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Plaintiff: Smoking Cigarettes Caused Husband’s Death
Court: U.S. District Court, Middle District of Florida, Jacksonville
other-loss of society
pulmonary/respiratory-chronic obstructive pulmonary/respiratory disease
Case Type: Products Liability – Tobacco, Failure to Warn, Manufacturing Defect
Ellen Gray, as personal representative of the Estate of Henry Gray v. R.J. Reynolds Tobacco Company, Philip Morris USA, Inc., Lorillard Tobacco Company, and Liggett Group, LLC, No. 3:09-cv-13603-WGY-HTS
Date: January 29, 2015
Ellen Gray (Female),
Estate of Henry(deceased) Gray (Male, 63 Years)
Sarah R. London; Lieff, Cabraser, Heimann & Bernstein, LLP; San Francisco, CA, for Ellen Gray,Estate of Henry(deceased) Gray
John Spragens; Lieff, Cabraser, Heimann & Bernstein, LLP; Nashville, TN, for Ellen Gray, Estate of Henry(deceased) Gray
Alan Feingold; M.D.; Pulmonology; Miami, FL called by Sarah R. London, John Spragens
Neil Grunberg; Ph.D.; Addiction Behavior; Bethesda, MD called by Sarah R. London, John Spragens
Robert Slaton; M.D.; Internal Medicine; Gainesville, FL called by Sarah R. London, John Spragens
Robert Proctor; Ph.D.; Historian; Stanford, CA called by Sarah R. London,John Spragens
Liggett Group, LLC, Philip Morris USA, Inc., Lorillard Tobacco Company, R.J. Reynolds Tobacco Company
Steven N. Geise; Jones Day; San Diego, CA, for R.J. Reynolds Tobacco Company
Aviva L. Wernick; Hughes, Hubbard & Reed, LLP; Miami, FL, for Lorillard Tobacco Company
Kelly Anne Luther; Kasowitz Benson Torres & Friedman LLP; Miami, FL, for Liggett Group, LLC
Joyce D. McKinniss; Jones Day; Cleveland, OH, for R.J. Reynolds Tobacco Company
Jeffrey Wagner; Kaye Scholer, LLP; Chicago, IL, for Philip Morris USA, Inc.
In 1995, Henry Gray, 63, died of lung cancer in Gainesville.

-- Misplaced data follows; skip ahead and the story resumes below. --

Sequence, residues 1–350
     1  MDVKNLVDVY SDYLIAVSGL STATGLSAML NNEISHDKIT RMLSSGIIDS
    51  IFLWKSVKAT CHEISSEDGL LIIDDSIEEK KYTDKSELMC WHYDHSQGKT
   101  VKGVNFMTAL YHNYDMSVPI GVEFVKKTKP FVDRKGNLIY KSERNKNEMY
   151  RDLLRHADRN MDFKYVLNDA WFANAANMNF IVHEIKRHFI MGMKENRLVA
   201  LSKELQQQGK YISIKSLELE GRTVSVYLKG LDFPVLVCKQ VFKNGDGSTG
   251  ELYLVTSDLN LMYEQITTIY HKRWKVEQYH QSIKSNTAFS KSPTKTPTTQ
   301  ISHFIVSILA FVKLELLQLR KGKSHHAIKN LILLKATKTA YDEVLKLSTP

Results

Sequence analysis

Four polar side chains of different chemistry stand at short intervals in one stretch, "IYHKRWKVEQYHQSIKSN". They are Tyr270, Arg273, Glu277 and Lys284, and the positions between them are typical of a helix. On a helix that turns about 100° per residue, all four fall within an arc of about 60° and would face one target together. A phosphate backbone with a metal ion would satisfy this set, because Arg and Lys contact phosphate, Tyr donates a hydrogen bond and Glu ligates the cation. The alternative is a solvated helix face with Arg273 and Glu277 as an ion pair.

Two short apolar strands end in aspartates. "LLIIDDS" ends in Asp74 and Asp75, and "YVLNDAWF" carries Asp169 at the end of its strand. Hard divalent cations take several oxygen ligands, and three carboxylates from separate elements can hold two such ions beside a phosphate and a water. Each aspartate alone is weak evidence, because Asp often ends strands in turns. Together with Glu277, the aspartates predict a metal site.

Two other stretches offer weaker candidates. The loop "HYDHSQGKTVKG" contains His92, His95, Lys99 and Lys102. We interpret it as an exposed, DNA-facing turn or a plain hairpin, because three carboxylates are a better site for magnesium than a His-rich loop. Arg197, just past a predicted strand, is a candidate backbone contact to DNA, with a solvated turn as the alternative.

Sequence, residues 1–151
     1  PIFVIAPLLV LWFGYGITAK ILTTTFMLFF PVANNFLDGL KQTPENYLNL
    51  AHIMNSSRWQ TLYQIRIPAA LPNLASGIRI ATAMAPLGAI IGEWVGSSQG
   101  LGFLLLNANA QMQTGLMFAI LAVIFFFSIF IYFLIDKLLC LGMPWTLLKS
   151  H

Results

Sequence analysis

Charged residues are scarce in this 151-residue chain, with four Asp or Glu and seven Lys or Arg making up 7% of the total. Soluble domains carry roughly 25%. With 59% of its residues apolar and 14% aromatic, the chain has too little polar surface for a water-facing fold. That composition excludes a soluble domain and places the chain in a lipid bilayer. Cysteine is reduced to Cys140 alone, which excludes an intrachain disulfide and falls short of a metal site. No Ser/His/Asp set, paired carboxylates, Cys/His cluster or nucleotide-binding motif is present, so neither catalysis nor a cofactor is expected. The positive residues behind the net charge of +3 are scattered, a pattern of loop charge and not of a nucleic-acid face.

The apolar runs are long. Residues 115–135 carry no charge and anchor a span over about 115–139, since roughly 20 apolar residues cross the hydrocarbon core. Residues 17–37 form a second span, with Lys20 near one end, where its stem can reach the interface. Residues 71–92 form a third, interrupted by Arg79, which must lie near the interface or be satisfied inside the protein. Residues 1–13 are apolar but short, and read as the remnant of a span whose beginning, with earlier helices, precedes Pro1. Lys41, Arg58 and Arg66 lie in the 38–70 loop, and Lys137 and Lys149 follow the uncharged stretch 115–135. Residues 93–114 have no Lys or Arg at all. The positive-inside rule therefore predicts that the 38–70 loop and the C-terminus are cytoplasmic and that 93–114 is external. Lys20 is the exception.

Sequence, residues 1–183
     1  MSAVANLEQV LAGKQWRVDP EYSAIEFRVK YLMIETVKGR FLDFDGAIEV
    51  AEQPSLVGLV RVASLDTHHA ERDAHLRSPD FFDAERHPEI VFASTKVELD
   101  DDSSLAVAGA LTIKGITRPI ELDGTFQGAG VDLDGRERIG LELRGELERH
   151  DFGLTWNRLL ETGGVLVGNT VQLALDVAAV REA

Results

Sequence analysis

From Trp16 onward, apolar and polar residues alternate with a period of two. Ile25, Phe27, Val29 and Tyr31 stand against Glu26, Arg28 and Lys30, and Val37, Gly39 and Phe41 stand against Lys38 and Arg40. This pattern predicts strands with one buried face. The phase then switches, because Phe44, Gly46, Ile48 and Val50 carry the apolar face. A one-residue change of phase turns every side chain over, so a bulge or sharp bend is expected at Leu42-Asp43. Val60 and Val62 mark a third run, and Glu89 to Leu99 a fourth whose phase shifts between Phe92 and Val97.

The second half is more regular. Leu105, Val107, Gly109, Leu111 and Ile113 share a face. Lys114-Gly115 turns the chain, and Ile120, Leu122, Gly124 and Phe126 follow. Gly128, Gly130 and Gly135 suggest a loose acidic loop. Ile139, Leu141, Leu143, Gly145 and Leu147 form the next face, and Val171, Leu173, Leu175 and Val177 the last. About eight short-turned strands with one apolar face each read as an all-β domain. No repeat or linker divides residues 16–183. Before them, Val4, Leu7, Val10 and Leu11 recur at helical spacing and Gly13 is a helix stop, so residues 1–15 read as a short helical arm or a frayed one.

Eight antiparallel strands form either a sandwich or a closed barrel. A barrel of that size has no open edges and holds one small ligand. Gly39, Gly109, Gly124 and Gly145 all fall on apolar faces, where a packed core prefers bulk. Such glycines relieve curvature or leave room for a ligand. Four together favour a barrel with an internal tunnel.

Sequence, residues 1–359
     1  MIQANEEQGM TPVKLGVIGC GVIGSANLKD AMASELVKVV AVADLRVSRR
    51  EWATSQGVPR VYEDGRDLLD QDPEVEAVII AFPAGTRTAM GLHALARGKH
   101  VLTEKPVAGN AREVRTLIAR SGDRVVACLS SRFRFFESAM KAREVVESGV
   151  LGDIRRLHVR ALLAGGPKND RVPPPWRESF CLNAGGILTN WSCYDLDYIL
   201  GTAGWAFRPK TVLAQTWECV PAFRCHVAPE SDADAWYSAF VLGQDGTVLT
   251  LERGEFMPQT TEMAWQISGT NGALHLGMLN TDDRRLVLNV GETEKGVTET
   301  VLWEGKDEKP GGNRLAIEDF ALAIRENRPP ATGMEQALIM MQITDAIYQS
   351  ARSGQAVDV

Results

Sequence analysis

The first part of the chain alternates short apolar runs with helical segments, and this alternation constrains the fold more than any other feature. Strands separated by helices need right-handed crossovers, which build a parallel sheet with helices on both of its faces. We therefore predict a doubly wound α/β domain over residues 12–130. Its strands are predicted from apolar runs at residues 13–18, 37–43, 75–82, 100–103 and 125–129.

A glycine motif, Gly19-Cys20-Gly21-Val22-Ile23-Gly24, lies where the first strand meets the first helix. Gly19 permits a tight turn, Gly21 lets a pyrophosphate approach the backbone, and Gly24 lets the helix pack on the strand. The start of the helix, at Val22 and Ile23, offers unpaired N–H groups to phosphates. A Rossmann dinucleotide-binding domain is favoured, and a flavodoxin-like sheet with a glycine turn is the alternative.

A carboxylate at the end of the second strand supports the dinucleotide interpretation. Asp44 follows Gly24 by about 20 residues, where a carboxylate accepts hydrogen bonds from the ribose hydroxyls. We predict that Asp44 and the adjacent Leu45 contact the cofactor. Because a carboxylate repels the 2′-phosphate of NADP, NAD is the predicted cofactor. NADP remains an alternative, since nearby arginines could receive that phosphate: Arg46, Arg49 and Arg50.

Ellen Gray, representing the estate of her husband, sued R.J. Reynolds Tobacco Company, Philp Morris USA, Inc., Lorillard Tobacco Company, and Liggett Group LLC, alleging products liability.
The estate alleged that negligence on the part of the tobacco companies caused Gray’s death, as a result of being addicted to nicotine. The estate further alleged that as a result of using the products of the parties sued, Gray suffered from cancer which caused his death. All of the sued parties with the exception of R.J. Reynolds Tobacco Company were dismissed before trial. It was determined that Gray mainly smoked cigarettes manufactured by R.J. Reynolds Tobacco Company. The case stemmed from the Florida state court class-action case, Engle v. R.J. Reynolds Tobacco Co. In 2000, a jury in Engle rendered a $145 billion punitive damages verdict in favor of a class of Florida smokers allegedly harmed by their addiction to nicotine. In 2006, the Florida Supreme Court reversed that award and decertified the class action, but allowed potentially thousands of lawsuits to be filed.
The estate claimed Gray began smoking at age 16 – before the package warnings of the health hazards and addictive nature of cigarettes were required. The estate’s expert tobacco historian testified that R.J. Reynolds engaged in fraud and conspired to conceal the health effects of cigarettes and their addictive nature. Gray’s treating physician, an internist, testified that, based on his care and treatment, addiction to cigarettes containing nicotine caused Gray’s lung cancer, chronic obstructive pulmonary disease (COPD) and vascular diseases. He further testified that there were no other significant risk factors for any of Gray’s diseases, aside from his 90-pack-per-year smoking history. The estate’s addiction expert testified that Gray was addicted to cigarettes.
Defense counsel denied all of the estate’s claims, contending that Gray was not addicted to smoking. The defense further claimed that Gray chose to smoke knowing the risks and bore personal responsibility for the consequences of that decision.
Gray’s wife sought to recover damages for loss of society, companionship and protection, as a result of her husband’s death
The jury found Henry Gray was addicted to cigarettes containing nicotine. The jury found the addiction to cigarettes containing nicotine was a legal cause of Henry Gray’s injuries, and also found that smoking cigarettes was a legal cause of Henry Gray’s death.
Further, the jury found that Henry Gray did not rely to his detriment on statements made by R.J. Reynolds that concealed or omitted material information concerning the health effects and/or addictive nature of cigarette smoking.
The jury found R.J. Reynolds 50 percent negligent and Henry Gray 50 percent negligent.
Finally, the jury determined that Ellen Gray’s damages totaled $6 million. Because of comparative negligence, the award was reduced to $3 million.
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